Let’s open our eyes and our hearts, and continue the work of the brave men and women that fought against racism and oppression 50 years ago. I think it starts with all of us, not just reading whatever comes across our screen but seeking out information, multiple perspectives and most of all facts and full stories. We need to be aware that we might not all be getting the same news, and when we come across facts and full stories worth sharing, we should talk about them—online, and offline, too.
There’s a slight curve to the Edmund Pettus Bridge in Selma, Alabama. The curve means that you can’t see what’s beyond the bridge until you are halfway across it.
This weekend, I participated in a walk across the bridge, marking the 50th anniversary of Bloody Sunday in Selma. Because of the size of the crowd, it took at least an hour to slowly shuffle up that bridge, staring at the block letters spelling out the name of the KKK Grand Dragon it honors. When I finally crested the top, and was able to see past the curve, I was surprised by the sea of people swarming on the other side.
This weekend, the people on the other side were peaceful, wandering past vendor booths and a concert stage. But I realized that fifty years ago, when the original marchers began walking up that bridge, they had no way to know what was on the other side either… and still they kept marching.
Our morning started at Congregation Mishkan Israel, where hundreds had gathered to commemorate Jewish involvement in the Civil Rights Movement. There are only about ten Jews living in Selma today, yet almost every seat in the synagogue sanctuary was filled. People came from all over the country, including a group from North Carolina that had traveled all night by bus, and were hours away from an equally long trip home.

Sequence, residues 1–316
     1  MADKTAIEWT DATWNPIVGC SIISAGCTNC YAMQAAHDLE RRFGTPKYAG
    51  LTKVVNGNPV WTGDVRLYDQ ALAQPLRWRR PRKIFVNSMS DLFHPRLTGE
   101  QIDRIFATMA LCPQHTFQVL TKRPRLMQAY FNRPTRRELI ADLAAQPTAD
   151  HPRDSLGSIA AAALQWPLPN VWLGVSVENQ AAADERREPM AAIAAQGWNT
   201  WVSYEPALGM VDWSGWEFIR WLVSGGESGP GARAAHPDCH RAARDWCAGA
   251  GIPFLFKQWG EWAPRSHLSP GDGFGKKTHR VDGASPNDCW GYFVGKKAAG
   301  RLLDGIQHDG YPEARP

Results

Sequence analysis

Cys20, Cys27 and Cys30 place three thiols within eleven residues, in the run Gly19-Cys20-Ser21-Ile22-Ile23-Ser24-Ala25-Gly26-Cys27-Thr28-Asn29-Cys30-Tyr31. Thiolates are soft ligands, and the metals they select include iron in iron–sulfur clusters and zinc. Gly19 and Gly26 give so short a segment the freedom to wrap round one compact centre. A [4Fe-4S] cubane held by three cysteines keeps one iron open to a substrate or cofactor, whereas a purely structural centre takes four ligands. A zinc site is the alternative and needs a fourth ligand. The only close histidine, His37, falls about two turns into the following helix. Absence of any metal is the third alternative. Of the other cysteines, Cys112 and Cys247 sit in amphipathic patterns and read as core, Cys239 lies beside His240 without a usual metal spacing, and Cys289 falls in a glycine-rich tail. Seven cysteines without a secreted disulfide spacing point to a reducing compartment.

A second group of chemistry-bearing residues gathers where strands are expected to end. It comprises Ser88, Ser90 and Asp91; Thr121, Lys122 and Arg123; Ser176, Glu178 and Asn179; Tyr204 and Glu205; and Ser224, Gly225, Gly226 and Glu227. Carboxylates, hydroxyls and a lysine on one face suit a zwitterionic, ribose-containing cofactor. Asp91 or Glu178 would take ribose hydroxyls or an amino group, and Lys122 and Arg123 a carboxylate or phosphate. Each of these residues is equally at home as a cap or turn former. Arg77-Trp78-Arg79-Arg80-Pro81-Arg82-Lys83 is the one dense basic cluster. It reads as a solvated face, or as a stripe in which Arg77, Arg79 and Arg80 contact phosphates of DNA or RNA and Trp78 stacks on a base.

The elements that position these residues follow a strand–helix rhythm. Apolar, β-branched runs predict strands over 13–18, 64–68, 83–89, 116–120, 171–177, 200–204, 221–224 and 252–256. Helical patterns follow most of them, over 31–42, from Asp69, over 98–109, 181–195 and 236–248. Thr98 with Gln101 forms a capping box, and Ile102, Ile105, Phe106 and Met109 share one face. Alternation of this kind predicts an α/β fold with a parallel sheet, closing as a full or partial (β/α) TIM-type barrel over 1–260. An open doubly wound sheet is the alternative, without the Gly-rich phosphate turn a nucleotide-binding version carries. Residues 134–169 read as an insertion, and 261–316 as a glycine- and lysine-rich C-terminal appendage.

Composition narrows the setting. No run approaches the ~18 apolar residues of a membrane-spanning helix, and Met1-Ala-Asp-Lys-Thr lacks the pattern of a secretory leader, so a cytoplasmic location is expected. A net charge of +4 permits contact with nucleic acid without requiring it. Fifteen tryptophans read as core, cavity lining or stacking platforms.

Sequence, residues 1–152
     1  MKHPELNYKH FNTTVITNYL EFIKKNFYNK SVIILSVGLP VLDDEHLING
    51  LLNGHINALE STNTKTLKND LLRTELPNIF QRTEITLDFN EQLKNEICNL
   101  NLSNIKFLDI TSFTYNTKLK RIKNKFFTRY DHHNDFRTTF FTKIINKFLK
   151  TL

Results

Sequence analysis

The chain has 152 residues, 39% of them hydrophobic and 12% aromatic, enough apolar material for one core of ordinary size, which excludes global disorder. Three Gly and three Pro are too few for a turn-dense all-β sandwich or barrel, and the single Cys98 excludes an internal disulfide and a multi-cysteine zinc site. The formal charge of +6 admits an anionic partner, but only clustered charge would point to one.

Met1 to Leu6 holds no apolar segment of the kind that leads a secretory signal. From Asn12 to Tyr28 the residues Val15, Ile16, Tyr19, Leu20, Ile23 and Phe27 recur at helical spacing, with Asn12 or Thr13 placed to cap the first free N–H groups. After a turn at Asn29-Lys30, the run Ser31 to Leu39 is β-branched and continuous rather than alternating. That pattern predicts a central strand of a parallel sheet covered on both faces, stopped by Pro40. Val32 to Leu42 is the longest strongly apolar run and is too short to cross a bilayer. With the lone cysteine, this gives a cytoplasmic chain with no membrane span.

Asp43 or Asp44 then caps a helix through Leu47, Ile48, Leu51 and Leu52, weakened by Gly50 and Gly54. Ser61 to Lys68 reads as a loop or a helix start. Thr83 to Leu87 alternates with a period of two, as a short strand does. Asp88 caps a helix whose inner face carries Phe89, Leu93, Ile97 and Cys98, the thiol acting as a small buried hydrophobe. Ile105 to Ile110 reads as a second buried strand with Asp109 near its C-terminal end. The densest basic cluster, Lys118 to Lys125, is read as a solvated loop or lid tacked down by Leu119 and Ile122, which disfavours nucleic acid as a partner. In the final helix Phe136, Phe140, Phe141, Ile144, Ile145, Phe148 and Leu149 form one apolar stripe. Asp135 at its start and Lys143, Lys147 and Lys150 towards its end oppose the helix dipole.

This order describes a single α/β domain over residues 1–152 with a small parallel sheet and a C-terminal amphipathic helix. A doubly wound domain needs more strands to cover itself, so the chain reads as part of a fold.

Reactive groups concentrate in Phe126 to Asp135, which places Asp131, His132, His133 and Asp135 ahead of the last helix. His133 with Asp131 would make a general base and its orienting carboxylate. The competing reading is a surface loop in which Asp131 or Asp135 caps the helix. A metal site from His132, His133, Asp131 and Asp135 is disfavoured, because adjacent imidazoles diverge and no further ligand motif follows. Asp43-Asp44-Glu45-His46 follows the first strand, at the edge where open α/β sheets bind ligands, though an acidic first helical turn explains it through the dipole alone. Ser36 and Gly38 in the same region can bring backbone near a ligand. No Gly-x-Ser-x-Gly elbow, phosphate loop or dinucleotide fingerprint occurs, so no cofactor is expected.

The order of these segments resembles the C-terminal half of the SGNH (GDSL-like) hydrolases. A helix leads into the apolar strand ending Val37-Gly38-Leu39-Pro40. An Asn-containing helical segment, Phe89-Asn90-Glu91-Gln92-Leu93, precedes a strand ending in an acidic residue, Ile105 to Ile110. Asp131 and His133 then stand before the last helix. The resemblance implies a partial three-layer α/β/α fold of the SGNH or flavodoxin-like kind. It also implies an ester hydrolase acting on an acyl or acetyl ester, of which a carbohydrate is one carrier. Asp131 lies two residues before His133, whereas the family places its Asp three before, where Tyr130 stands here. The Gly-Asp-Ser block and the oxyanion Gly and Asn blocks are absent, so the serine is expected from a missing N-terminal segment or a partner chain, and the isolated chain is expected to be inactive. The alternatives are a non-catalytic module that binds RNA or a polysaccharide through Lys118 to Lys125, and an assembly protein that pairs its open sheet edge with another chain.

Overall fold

Rabbi Abraham Joshua Heschel, z”l, was the star of the show. In 1965, after marching, he famously said he felt as though his feet were praying. His daughter, Professor Susannah Heschel, addressed the crowd in 2015. She offered some context for that famous quote: He may be lauded today as a Jewish hero, but he wasn’t at the time; most Jews responded to his involvement in the movement with confusion or even hostility.
Part of the reason we revere him today was because he stood largely alone at the time.
And that’s the thing. It’s so much easier to join a cause that’s already been won. There’s a reason the marchers of 2015 outnumbered those of 50 years ago by at least 30 to 1. While we were dealing with street vendors and porta-poties, they faced tear gas and billy-clubs. Real social change rarely comes with funnel cake. I got the impression those around me understood this fact. We were there to honor those who led the movement and celebrate their success, but we were also there to energize ourselves for the work that needs to be done.
David Goodman, brother of slain civil rights worker Andrew Goodman, reminded us that in some states it’s easier to vote with a gun permit than a college ID. In fact, almost all of the speakers at Mishkan Israel focused their remarks of the growing disenfranchisement movement in our country, and our duty to oppose it. It’s only in hindsight that poll taxes and literacy tests appear so blatantly evil. Plenty of people defended their use at the time just as plenty defend the elimination of early voting and same-day registration today. Fifty years from now, we will look back on the current wave of disenfranchisement and wonder what people were thinking.
Professor Susannah Heschel told the audience at Mishkan Israel: “Today we’re on a pilgrimage to remember, not simply to remember what we Jews contributed to the civil rights movement— no, we’re here to thank the Civil Rights movement for what it has given to us as Jews.” Her father was a religious leader who aimed to shock people out of complacency; to truly honor his legacy, we must still be willing to shock people out of complacency today. He spoke of praying feet, but he also warned that a consensus of conscience means nothing without “incessant action.”